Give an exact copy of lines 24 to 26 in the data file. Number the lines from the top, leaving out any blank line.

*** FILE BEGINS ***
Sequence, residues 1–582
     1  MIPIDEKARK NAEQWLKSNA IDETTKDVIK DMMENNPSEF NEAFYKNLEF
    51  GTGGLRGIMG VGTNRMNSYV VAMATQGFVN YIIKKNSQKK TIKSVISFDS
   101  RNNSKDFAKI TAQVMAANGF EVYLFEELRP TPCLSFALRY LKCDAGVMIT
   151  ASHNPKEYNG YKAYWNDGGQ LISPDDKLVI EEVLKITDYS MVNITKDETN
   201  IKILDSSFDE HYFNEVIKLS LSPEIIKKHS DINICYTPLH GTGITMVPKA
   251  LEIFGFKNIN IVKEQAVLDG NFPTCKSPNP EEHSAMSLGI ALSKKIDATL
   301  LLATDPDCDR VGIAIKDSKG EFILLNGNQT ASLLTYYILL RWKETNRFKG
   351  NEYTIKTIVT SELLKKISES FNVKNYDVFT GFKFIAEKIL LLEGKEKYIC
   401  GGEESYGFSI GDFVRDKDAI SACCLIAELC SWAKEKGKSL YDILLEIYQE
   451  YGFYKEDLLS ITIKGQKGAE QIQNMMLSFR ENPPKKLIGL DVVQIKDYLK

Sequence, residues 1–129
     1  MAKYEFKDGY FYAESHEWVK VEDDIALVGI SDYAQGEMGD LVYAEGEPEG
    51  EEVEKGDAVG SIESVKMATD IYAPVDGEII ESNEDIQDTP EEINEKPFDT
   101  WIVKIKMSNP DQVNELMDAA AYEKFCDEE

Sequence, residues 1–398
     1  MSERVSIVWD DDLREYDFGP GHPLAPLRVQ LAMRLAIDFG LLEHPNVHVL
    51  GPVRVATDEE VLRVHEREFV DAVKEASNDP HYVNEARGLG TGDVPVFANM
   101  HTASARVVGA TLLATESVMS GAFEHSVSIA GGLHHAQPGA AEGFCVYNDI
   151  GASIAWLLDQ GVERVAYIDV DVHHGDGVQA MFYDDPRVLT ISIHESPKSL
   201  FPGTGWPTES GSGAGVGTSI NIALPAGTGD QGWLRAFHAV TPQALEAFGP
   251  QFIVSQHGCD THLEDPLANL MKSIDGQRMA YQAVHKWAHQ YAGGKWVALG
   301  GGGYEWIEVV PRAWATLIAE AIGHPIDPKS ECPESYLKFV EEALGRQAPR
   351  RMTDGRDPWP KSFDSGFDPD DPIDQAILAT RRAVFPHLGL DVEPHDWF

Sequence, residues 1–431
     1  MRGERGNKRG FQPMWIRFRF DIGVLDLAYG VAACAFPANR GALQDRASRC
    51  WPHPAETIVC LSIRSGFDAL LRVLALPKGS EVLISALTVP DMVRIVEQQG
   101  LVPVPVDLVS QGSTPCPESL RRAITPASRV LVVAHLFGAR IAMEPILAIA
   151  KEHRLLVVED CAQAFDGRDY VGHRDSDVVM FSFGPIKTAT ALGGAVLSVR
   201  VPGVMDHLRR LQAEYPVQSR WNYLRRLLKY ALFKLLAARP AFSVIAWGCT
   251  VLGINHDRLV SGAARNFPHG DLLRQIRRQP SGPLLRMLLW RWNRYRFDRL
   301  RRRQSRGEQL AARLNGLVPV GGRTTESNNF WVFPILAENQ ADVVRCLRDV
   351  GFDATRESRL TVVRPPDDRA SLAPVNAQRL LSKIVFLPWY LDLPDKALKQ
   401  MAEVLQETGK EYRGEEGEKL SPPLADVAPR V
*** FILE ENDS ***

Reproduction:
   351  RMTDGRDPWP KSFDSGFDPD DPIDQAILAT RRAVFPHLGL DVEPHDWF

Sequence, residues 1–431
     1  MRGERGNKRG FQPMWIRFRF DIGVLDLAYG VAACAFPANR GALQDRASRC